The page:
UK election underway as Labour seeks to return to power after 14 years

4 Temmuz 2024 20:06



The public has from 7 a.m. to 10 p.m. local time to cast a vote for their local parliamentary candidate. Shortly after that, a closely watched exit poll will be released. Ballots will be counted overnight, and a result is expected on Friday morning.

Prime Minister Rishi Sunak announced the vote six weeks ago, surprising politicians and the public alike. Most had expected the election to take place later in the year, giving more time for the recent decline in inflation and anticipated reduction in interest rates to hit voters’ wallets.

A number of smaller parties are vying to win seats in the 650-member House of Commons, the U.K.’s lower house of parliament. These include the Liberal Democrats, Greens, Scottish National Party, Plaid Cymru, the Democratic Unionist Party, and Nigel Farage’s Reform UK. Votes will be cast across England, Scotland, Wales, and Northern Ireland.

Within the U.K. political system, a party increasing its share of the popular vote does not necessarily translate to winning more parliamentary seats. It is all but guaranteed that either the Conservatives or Labour, led by Keir Starmer, will receive the reins of power. That could either be through winning an absolute majority or by forming a coalition government.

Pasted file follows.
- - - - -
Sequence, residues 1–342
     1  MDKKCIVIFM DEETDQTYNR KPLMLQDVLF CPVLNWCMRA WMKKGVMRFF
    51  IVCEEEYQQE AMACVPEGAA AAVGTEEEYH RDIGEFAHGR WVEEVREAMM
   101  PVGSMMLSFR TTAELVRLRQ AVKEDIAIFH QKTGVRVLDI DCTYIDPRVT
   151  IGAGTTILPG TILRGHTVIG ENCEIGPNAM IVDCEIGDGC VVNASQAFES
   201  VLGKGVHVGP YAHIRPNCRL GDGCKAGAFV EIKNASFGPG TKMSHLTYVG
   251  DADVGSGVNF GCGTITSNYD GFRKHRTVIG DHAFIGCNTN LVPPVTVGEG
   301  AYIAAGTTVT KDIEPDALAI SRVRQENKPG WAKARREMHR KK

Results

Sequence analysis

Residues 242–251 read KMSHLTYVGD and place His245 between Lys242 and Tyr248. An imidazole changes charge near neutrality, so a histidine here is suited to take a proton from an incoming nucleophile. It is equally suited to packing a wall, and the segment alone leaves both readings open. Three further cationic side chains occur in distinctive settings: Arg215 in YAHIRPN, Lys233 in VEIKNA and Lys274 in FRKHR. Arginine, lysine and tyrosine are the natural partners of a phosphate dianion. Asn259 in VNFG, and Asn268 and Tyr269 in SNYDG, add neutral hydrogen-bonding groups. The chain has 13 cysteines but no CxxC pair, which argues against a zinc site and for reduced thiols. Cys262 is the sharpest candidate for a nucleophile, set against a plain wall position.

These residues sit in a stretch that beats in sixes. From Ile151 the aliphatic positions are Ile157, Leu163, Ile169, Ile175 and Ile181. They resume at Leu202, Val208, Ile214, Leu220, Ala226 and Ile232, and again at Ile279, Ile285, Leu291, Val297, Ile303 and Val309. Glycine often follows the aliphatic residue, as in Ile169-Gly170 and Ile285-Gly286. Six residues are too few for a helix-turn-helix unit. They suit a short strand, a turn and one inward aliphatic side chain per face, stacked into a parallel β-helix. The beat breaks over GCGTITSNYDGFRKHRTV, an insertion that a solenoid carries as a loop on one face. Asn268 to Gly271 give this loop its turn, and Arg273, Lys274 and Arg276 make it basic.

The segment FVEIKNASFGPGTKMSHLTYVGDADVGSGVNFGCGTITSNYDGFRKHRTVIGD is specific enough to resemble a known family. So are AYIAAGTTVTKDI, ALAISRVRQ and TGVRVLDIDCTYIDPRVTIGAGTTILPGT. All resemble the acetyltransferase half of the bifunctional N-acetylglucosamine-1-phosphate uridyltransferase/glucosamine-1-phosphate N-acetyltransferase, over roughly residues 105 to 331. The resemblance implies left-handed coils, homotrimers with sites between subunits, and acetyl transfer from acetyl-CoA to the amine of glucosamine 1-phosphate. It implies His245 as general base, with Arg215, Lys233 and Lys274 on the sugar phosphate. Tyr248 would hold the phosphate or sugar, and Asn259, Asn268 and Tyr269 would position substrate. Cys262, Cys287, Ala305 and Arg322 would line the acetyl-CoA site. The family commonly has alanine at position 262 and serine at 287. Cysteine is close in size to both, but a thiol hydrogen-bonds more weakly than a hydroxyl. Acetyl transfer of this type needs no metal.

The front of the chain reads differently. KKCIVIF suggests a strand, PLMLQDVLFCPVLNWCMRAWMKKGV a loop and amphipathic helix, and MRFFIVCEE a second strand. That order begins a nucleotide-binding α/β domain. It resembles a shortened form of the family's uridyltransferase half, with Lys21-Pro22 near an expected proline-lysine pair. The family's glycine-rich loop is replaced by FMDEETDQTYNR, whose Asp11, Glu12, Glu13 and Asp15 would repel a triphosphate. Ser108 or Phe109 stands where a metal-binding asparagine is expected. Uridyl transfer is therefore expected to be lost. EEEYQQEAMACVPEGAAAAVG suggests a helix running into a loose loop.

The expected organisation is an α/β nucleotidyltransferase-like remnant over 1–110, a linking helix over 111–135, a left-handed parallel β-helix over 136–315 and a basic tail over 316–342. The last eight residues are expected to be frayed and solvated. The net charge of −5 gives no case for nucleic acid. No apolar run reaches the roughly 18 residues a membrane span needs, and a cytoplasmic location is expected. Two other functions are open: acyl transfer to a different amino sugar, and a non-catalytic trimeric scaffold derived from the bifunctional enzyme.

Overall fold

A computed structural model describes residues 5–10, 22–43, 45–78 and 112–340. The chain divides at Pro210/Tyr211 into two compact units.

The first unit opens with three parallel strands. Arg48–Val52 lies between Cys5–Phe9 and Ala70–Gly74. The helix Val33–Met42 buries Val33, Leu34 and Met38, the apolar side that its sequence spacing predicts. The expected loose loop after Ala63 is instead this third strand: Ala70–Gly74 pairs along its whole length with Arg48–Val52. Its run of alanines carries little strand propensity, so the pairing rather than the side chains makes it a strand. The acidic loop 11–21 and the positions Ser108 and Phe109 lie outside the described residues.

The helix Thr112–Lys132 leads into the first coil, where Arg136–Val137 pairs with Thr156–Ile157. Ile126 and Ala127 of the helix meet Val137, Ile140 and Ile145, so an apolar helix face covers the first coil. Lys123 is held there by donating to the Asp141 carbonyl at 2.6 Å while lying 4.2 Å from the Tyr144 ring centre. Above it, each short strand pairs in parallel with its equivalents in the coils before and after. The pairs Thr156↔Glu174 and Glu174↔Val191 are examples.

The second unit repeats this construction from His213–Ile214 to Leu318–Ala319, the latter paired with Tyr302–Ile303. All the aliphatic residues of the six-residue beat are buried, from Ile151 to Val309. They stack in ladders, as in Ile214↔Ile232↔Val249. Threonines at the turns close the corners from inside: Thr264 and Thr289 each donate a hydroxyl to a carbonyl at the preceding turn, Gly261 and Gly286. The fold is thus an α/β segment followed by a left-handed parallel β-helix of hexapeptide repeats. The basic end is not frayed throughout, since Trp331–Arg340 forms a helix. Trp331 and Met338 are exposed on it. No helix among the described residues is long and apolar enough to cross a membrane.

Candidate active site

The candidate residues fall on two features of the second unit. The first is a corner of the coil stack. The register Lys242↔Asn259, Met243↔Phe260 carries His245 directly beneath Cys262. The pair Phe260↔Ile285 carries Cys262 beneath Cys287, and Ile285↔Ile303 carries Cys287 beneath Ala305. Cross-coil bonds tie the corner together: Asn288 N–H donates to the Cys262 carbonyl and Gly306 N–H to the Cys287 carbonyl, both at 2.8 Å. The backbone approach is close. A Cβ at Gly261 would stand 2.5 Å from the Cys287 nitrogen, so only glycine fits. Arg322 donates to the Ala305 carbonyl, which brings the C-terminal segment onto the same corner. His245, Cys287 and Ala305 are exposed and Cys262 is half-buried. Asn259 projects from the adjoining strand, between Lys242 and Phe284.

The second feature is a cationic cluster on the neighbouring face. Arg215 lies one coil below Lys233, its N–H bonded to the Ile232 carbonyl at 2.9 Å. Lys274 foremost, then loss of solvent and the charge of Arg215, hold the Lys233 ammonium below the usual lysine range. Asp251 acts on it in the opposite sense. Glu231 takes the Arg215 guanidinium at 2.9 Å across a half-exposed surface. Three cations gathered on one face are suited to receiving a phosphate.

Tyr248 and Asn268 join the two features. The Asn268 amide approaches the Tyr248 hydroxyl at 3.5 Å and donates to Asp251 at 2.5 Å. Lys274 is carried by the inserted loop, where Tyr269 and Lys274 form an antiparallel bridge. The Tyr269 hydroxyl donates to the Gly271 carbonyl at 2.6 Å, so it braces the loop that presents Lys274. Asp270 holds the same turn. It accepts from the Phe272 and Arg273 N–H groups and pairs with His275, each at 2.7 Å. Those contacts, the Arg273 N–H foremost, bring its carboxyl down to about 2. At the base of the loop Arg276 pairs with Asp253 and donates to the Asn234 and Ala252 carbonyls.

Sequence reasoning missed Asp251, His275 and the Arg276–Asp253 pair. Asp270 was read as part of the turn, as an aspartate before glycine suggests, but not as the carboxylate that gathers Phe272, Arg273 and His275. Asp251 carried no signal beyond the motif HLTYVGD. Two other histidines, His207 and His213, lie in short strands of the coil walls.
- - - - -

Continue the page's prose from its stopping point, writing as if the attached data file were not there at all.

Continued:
Political surveys have pointed to a resounding Labour victory for nearly two years, even though the party will require a historic gain of almost 13% in the national vote to win even a narrow parliamentary majority, according to Hannah Bunting, lecturer in quantitative British politics at the University of Exeter. That would be a bigger swing than the one achieved by Labour’s Tony Blair over John Major in 1997.

The legacy of 14 years of Conservative rule — with the party winning power through a coalition arrangement under David Cameron in 2010 — has been a key theme on the campaign trail.

Sunak and Starmer have sought to convince the public that their party can address critical issues spanning housing, the National Health Service and defense.

Sunak claimed during a debate in early June that Labour’s policies would lead to a £2,000 ($2,553.73) tax rise for “every working family” over the course of the next parliament. Starmer said the figure was “made-up,” while the party has laid out tax increases targeting only specific groups.

Albania News Agency

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